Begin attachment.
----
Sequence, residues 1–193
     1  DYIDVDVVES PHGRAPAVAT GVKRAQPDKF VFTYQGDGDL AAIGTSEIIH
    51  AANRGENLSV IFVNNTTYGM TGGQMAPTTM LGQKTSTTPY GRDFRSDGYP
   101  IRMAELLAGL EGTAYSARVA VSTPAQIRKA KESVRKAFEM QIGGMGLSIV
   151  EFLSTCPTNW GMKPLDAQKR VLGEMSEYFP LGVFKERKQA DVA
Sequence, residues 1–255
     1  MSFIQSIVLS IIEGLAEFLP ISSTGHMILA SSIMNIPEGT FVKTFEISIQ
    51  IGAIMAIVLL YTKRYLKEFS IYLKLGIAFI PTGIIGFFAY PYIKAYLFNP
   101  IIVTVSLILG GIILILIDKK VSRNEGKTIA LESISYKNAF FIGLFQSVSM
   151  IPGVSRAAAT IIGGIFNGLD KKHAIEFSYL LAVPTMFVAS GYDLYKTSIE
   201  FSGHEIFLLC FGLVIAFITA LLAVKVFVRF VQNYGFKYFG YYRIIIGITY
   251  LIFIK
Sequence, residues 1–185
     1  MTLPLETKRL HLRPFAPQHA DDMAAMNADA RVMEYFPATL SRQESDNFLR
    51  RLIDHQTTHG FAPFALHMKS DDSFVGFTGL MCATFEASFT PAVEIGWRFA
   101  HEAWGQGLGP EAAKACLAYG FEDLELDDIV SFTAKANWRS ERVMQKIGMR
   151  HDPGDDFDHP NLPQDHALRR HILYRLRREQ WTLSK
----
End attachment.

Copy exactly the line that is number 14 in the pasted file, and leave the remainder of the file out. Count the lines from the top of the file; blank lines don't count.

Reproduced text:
     1  MTLPLETKRL HLRPFAPQHA DDMAAMNADA RVMEYFPATL SRQESDNFLR